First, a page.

So many acres, he says, and so few people here.

And fewer all the time.

Copyright 2004, The Kansas City Star
The sidebars to this article:
Photos by Chris Ochsner/The Kansas City Star - Putting private land into public ownership is a cure-all notion for western Kansas that has been embraced by former Governor Mike Hayden, now the state's secretary of wildlife and parks. He once derided the thought of making farmland into a buffalo refuge.
Chris Ochsner/The Kansas City Star - Farmer Darrol Miller said he didn't see any sense in converting private land in western Kansas to public use, as supported by former Kansas Governor Mike Hayden.
Footnotes: "Tourism is occasionally touted as an economic panacea ... as if fridged winters, sizzling summers, constant wind, and a paucity of traveler services were mere inconveniences, easily tolerated in the pursuit of all this glorious open space.  Yet, however devoutly some folks might wish the Plains to develop a recreation-based economy, the safer bet is on those who say it will never happen." - National Geographic Magazine, 2004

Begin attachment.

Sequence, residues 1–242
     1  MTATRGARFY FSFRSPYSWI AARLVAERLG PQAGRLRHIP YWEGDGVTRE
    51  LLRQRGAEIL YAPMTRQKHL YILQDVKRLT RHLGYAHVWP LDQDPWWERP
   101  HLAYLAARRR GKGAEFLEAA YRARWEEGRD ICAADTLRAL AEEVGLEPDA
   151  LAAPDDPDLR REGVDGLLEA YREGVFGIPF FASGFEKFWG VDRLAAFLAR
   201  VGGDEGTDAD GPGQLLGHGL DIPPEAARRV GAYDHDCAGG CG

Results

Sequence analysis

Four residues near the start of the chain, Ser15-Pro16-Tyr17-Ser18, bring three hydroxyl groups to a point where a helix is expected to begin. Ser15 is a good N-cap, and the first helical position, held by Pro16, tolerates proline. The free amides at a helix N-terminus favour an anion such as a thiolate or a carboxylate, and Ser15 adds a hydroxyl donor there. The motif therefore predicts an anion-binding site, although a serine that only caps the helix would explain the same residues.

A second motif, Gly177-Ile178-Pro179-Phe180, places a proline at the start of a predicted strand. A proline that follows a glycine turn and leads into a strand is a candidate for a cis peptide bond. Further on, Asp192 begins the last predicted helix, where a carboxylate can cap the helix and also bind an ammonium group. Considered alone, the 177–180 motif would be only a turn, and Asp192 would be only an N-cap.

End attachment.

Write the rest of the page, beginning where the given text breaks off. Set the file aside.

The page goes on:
"Drouth is, throughout each summer, the master scourge of the Plains.  No rain-or next to none-falls on them from May till October.  By day, hot suns bake them; by night, fierce winds sweep them; parching the earth to cavernous depths; withering the scanty vegetation, and causing fires to run wherever a thin vesture of dead herbage may have escaped the ravages of the previous autumn." - Horace Greeley, 1869, in Harper's magazine.